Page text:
Many attempts have been made at an intrafamilial classification, but these have largely been artificial, based on floral characteristics. Subdivisions were recognized almost immediately. Early classifications identified two major divisions, that were followed by most taxonomists;[13][15]

  • Alsodeieae. (Alsodineae, Rinoreeae). Radially symmetrical flowers (actinomorphic)
  • Violeae. Bilaterally symmetrical flowers (zygomorphic)

These also had biogeographical correlation, with the latter being almost exclusively S American and African, and the former being distributed in Europe in addition to the Americas.[15] In contrast, Bentham and Hooker (and some others) divided Alsodeieae, giving three tribes;

  • Violeae. Strictly zygomorphic
  • Paypayroleae. Actinomorphic wth some zygomorphic features
  • Alsodeieae. Strictly actinomorphic

Melchior utilized a more complex classification with two subfamilies, tribes and subtribes to recognize the place of Leonia within the Violaceae;.[2]

The historical subdivisions shown here are those of the system of Hekking (1988), based largely on floral symmetry, petal aestivation and petal morphology. In this system, most genera occur in the Rinoreae and Violeae tribes.[23] Three subfamilies have been recognized: the Violoideae, Leonioideae, and Fusispermoideae.[24][1]

Subfamily FusispermoideaeEdit
Subfamily LeonioideaeEdit
Subfamily VioloideaeEdit
Tribe RinoreeaeEdit
Subtribe HymenantherinaeEdit
Subtribe IsodendriinaeEdit
Subtribe PaypayrolinaeEdit
Subtribe RinoreinaeEdit
Tribe VioleaeEdit

About 600 species, in the following genera, but mainly in Viola and Hybanthus and including all four of the lianescent genera in the family (Agatea, Anchietea, Calyptrion and Hybanthopsis;[25]

Molecular systemsEdit

Molecular phylogenetic studies have revealed that many of these divisions were not monophyletic, partly due to homoplasy. These studies demonstrate four major clades within the family.[1]

The molecularly defined subdivisions are;[1]

In Clade 1, Schweiggeria and Noisettia are monotypic and form a sister group to Viola. In addition to the major clades, there were a number of unplaced segregates.[1]

EtymologyEdit

The family derives its name from the nominative genus, Viola.

Distribution and habitatEdit

The Violaceae have an overall cosmopolitan distribution,[1] but are essentially tropical and subtropical, with the exception of the numerous Northern Hemisphere temperate species of Viola, the largest genus, which is also occurs at higher altitudes in its tropical and subtropical regions, where the shrub, tree and lianescent species are concentrated. In those regions, most representative genera are the mainly woody Rinorea and Hybanthus.[23] While Viola, Hybanthus, and Rinorea are widely distributed in both hemispheres, the remaining genera are relatively restricted in their distribution. Some are restricted to a single continent while others have a limited area involving just a single archipelago.[2] About 70 species are found in Brazil.[23][25]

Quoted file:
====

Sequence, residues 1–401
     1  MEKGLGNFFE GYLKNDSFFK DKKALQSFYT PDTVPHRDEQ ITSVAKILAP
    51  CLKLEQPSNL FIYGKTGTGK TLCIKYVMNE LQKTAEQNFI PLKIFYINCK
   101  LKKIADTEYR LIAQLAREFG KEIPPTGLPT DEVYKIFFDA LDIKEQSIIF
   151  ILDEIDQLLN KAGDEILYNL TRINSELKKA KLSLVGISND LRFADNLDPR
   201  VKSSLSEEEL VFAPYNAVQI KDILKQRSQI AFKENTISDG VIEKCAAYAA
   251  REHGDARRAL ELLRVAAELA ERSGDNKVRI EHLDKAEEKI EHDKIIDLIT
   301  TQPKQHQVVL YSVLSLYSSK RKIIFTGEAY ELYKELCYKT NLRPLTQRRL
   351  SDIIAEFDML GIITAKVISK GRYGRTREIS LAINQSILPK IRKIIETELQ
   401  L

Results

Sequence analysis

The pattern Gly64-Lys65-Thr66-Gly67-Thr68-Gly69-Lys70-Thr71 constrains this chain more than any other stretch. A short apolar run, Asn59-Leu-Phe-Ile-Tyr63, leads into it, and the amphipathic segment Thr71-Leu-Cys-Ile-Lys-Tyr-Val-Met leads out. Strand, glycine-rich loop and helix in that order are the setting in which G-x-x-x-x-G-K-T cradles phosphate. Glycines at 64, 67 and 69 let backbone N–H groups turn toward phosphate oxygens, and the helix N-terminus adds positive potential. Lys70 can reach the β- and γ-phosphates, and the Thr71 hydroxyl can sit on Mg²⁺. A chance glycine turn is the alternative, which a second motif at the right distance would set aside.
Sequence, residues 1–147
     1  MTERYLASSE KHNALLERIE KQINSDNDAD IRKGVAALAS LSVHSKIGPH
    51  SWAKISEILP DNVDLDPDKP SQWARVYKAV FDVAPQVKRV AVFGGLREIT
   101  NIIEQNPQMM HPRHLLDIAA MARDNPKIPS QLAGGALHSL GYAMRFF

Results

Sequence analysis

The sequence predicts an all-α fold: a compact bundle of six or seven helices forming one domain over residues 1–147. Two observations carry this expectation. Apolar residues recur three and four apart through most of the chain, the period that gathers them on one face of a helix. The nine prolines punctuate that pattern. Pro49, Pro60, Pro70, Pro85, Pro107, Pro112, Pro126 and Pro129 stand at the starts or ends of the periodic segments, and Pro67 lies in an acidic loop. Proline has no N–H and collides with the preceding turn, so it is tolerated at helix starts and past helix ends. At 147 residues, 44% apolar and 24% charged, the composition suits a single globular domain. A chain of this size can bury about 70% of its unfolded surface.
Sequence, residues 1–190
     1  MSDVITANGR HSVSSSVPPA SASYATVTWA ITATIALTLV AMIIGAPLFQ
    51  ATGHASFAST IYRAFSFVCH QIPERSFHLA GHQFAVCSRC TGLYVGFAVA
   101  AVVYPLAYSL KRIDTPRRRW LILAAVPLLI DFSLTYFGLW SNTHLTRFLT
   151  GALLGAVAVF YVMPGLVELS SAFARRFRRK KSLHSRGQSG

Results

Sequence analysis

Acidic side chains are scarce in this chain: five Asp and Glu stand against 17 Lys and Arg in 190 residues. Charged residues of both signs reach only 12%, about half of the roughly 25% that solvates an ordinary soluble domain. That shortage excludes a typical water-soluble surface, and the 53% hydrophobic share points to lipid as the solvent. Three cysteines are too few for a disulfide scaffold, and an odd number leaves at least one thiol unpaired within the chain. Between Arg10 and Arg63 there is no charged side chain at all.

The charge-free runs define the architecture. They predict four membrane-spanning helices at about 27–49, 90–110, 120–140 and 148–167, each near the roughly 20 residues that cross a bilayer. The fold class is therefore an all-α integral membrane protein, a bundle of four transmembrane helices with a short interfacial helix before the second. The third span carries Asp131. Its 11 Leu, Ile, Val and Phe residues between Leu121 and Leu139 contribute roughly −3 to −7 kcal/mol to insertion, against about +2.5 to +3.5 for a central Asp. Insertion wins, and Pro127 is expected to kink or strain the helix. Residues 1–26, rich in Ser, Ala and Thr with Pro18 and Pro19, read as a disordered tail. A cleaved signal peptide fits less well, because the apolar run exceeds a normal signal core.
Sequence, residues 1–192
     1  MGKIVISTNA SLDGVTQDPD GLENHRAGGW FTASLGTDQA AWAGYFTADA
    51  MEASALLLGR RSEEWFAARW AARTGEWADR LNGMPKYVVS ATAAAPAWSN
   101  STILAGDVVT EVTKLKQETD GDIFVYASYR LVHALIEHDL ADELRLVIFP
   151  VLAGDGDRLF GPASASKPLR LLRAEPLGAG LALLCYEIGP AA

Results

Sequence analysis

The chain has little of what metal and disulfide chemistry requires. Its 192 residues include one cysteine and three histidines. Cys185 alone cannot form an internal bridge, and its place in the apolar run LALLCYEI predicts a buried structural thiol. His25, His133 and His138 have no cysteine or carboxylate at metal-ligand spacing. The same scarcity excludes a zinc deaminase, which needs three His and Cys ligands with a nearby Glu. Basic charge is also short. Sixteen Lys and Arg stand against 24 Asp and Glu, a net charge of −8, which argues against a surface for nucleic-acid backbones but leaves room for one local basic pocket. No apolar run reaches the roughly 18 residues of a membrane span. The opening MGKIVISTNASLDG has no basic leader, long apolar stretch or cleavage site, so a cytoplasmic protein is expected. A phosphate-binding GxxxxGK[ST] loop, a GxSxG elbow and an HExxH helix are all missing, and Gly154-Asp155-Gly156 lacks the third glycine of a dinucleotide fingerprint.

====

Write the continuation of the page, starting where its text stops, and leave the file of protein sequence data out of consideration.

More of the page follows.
ReferencesEdit

BibliographyEdit

Books and thesesEdit

  • Ballard, Harvey E; Paula-Souza, Juliana de; Wahlert, Gregory A (2013). "Violaceae". In Kubitzki, Klaus (ed.). Flowering Plants. 11 Eudicots: Malpighiales. Springer Science & Business Media. pp. 303–322. ISBN 978-3-642-39417-1.(Also preview at Springer)
  • Byng, James W. (2014). "Violaceae". The Flowering Plants Handbook: A practical guide to families and genera of the world. Plant Gateway Ltd. pp. 238–239. ISBN 978-0-9929993-1-5.CS1 maint: ref=harv (link)
  • Christenhusz, Maarten J. M.; Fay, Michael F.; Chase, Mark W. (2017). "Violaceae". Plants of the World: An Illustrated Encyclopedia of Vascular Plants. University of Chicago Press. pp. 324–325. ISBN 978-0-226-52292-0.
  • Sharma, O. P. (2009) [1993]. "Violales". Plant Taxonomy (2nd ed.). Tata McGraw-Hill Education. pp. 43, 172, 249. ISBN 978-1-259-08137-8.CS1 maint: ref=harv (link)
  • Singh, V; Jain, D K (2006) [1981]. "Violaceae". Taxonomy of Angiosperms (2nd ed.). New Delhi: Rastogi Publications. pp. 189–193. ISBN 978-81-7133-849-8.
  • Paula-Souza, Juliana de; Pirani, José Rubens (2014). "A biogeographical overview of the "lianescent clade" of Violaceae in the Neotropical region". In Greer, Francis Eliott (ed.). Dry Forests: Ecology, Species Diversity and Sustainable Management. Environmental Science, Engineering and Technology. Nova Science Publishers. pp. 1–28. ISBN 978-1-63321-291-6.
  • Souza, Juliana de Paula (2009). Estudos filogenéticos em Violaceae com ênfase na tribo Violeae e revisão taxonômica dos gêneros Lianescentes de Violaceae na região [Neotropical Phylogenetic studies on tribe Violeae and taxonomic revision of the Neotropical Lianescent genera of Violaceae] (PhD thesis) (in Portuguese). Instituto de Biociências, Universidade de São Paulo.
Historical sources

ArticlesEdit

WebsitesEdit

External linksEdit